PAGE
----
Radiometric dating methods have become an important basis for the claim that the earth is billions of years old. All of radiometric methods are based on three assumptions:

1. The initial amount of the decayed product is known.
2. The rate of decay is known throughout the dating period.
3. None of the decay element has been added to or lost.

These assumptions are not directly testable, and therefore no dating method is strictly scientific. It is impossible for anyone to know the initial components of the system or to prove that the decay rate has not changed.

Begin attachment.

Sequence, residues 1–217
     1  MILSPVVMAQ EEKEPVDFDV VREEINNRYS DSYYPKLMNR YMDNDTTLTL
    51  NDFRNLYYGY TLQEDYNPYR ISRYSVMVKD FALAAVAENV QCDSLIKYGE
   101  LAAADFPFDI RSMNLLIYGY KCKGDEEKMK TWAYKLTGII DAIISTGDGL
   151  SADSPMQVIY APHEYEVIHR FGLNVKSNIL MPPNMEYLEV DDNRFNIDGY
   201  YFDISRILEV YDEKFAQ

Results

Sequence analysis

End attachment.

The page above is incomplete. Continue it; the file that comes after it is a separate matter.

The concept of having a process take place over a long period of time without interference is not reasonable. It is also totally unreasonable to claim that elements have not been added to or taken away from the system over millions of years of time. The greatest problem with the reliability of radiometric dating methods is the extreme variability of results. A wide range of dates is often obtained. The date is only “accepted” if it falls within the range which makes evolution seem possible. If the resulting age is not what is expected, it is ignored as a bad or contaminated sample.

From A Closer Look at the Evidence by Kleiss, December 28.

Please feel free to share...Share on Facebook
Tweet about this on Twitter
Share on LinkedIn